The question of proportionality might be raised: do the health benefits in the developed country importing state justify the costs of compliance imposed on the developing country exporting state? The SPS Agreement leaves much room for a developed country to impose this type of cost on developing countries. developing countries may view this type of incremental case-by-case derogation as too slow.1 Here. generally applicable. unwieldy and unpredictable. Article 9 of the SPS Agreement is an example of a rather imprecise facility that could. from a poverty reduction perspective. which is prevented from sourcing inputs from the most efficient supplier. to challenge protectionist SPS measures. to provide technical assistance to appropriate developing countries to ensure that compliance does not inappropriately burden the developing country suppliers of regulated goods. while developed country constituencies may be unwilling to relinquish gains made under TRIPS.8 of the TBT Agreement are examples of aspirational provisions intended to relieve some of this potential burden on developing countries through transition periods. It has become clear that derogation from the specific obligations of TRIPS will often be appropriate for developing countries. They also serve as a burden on domestic production. but excluding export performance requirements. Category 4 obligations as they exist today involve only a limited range of TRIMS measures. However. It may be appropriate more specifically to require developed countries. but the failure of the SPS Agreement to address the cost to developing countries of SPS measures implemented by developed countries. but provided an enhanced basis for developing countries. which is a critical factor in development. they are unlikely to be core elements of a development policy. relieve some of this potential burden of compliance by developing country producers with developed country SPS standards. and that the SPS Agreement did not exacerbate this cost. With respect to Category 3 obligations. It may be more appropriate to negotiate broader.compliance of developing country products with developed country standards. and these exports can be blocked by SPS measures.3 of the SPS Agreement and 12. and others. Agricultural exports are a main source of earnings for developing countries.2. despite the “necessity” requirement of Article 2. the main problem is not the development impact of SPS Agreement constraints on developing countries. if applied. It provides for technical assistance by developed countries to developing countries to assist in compliance. One way to legitimate and justify this derogation would be to establish a process for examination of proposed derogations. including in particular local content requirements. Articles 10. as they implement new standards. The question is whether the SPS Agreement did enough to restrain the imposition of costs on developing countries. Local content requirements imposed as a condition for investment approval act as a burden on investment. reduction of TRIPS obligations. contingent derogation may or may not be appropriate. 213 . 6 So. While local content requirements may be part of an import substitution or infant industry program.2 and 10. the measures that are currently prohibited are unlikely to make a good case for derogation. It is important to note that this type of cost pre-existed the SPS Agreement. while a contingent derogation mechanism could be devised to permit certain TRIMS measures.

it recognizes that it is useful for developing countries to be able to bind themselves to liberalize. [LDCs] shall not be required to implement or comply with obligations that are prejudicial to their individual development needs . . and has been subject to important empirical challenge. al. .. The core perspective of these suggestions is developmentfavorable. “Special and Differential Treatment in the WTO: Moving Forward”. The experience of the East Asian economies from 1960 to 2000 suggests that subsidies to promote certain types of technology and information management may be important to growth. In some contexts. pp.” 8 it does not leave to the LDCs. 2 1 214 . 7 But WTO law does not generally restrict domestic subsidies. it provides blanket exceptions. and to the extent that these subsidies are not to specific industries or groups of industries. Hoekman. in a more recent study that reviews earlier work by Sachs and Warner (1995) and provides new time-series evidence. and while developed country agricultural subsidies may help poor farmers in some locations. and may help consumers who rely on subsidized food.Category 5 obligations present difficult questions from a development standpoint. While it responds to the African Group proposal that “notwithstanding any provisions of any WTO Agreement.. Literature reviews concerning the relation between trade liberalization and poverty include Anderson (2004). or help the granting state. The SCM Agreement provides exceptions for least developed countries. However. . McCulloch and McKay (2004). 481-506. Some argue that restrictions on subsidization constrain the right of developing countries to engage in economic regulation for growth. Within the category 1 context. cit. Dollar and Kraay (2004). Wacziarg and Welch (2003). seem reasonable. While Rodriguez and Rodrik (2001) find that the links between trade liberalization and growth are not robust. but on expert analysis regarding development policy. . 9 While this prescription has been criticized. op. from a welfare standpoint. the weight of evidence appears to support it. Here. Winters (2004). and certain other countries. this perspective is not necessarily deferential to developing country governments (just as it would not be deferential to developed country governments). Development policybased exceptions. There is certainly wide agreement that developed country agricultural subsidies may cause harm to farmers in developing countries. with development as the primary goal of policy. It responds in a more precise and institutionally nuanced manner. they are not actionable. However. or to other developing countries the unconstrained flexibility to determine what is and is not prejudicial to development needs. This multilateral control is to be based not on political deliberation. show an important relationship between trade liberalization and GDP growth. Winters. the differential treatment should be for developed countries to liberalize in the goods and services that are of export interest to developing countries. and Bhagwati and Srinivasen (1999). On the other hand. from its prohibition of export subsidies. The above analysis of different types of WTO obligations suggests some variations of treatment. one important area of reform of the WTO is reduction of developed country agricultural subsidies. et. there may be strategic circumstances in which an export subsidy my allow producers from one country to compete effectively against producers of another (non-subsidizing) country. but in others it relies on specific case-based analysis and multilateral control of policy. it appears unlikely that export subsidies harm other states. subject to multilateral control.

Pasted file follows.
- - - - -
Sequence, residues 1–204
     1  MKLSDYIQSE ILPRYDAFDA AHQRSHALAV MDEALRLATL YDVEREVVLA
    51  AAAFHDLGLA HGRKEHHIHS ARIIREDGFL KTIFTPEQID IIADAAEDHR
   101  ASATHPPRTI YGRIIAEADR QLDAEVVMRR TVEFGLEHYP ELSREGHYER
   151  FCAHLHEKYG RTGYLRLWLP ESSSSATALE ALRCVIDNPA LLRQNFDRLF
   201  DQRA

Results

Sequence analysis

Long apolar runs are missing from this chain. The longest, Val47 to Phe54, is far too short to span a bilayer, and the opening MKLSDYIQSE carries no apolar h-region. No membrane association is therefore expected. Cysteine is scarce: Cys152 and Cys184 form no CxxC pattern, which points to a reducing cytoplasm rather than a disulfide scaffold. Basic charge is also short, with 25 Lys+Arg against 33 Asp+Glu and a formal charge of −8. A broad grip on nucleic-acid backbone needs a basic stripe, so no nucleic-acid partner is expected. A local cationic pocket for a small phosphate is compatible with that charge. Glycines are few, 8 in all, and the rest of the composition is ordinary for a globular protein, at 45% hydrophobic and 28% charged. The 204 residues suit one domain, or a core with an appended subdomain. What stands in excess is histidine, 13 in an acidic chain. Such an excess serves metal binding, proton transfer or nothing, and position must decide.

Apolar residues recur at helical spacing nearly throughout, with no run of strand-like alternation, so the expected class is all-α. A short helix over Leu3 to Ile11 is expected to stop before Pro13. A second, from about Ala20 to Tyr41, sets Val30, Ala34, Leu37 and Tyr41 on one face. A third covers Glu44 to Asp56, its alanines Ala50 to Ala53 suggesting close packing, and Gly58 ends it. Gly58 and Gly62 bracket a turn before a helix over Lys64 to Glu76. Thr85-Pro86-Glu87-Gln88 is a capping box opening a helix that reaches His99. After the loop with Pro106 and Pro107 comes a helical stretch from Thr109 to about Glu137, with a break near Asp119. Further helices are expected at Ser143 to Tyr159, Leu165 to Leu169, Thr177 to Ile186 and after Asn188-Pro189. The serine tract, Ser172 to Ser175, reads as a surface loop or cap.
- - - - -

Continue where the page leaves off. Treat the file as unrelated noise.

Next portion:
Michael Finger. See Alexander Keck & Patrick Low. Trade Liberalization and Poverty: A Handbook (London: CEPR. See J. McCulloch. The Doha Agenda and Development: A View from the Uruguay Round (Manila: Asian Development Bank. op. pp.See the 1979 Decision on Safeguard Action for Development Purposes. “Special and Differential Treatment in the WTO: Moving Forward”. Neil. cit. et al. 2002). . 8 7 6 5 4 3 Proposal by the Africa Group. WTO Economic Research and Statistics Division. Bernard Hoekman. 2001) p. et al. 26 BISD 209-210 (1980) (providing a facility for special safeguards in order to address development needs) See Bernard Hoekman.2. “Special and Differential Treatment in the WTO: Moving Forward”.. TN/CTD/W/3/REV. op.. 481-506 9 215 . 481-506 (calling for a “country-specific approach that would make implementation of new rules a function of national priorities”). Special and Differential Treatment in the WTO: Why. Staff Working Paper ERSD-2004-03 (May 2004). pp. L. Alan Winters & Xavier Cirera. . cit.157. When and How?.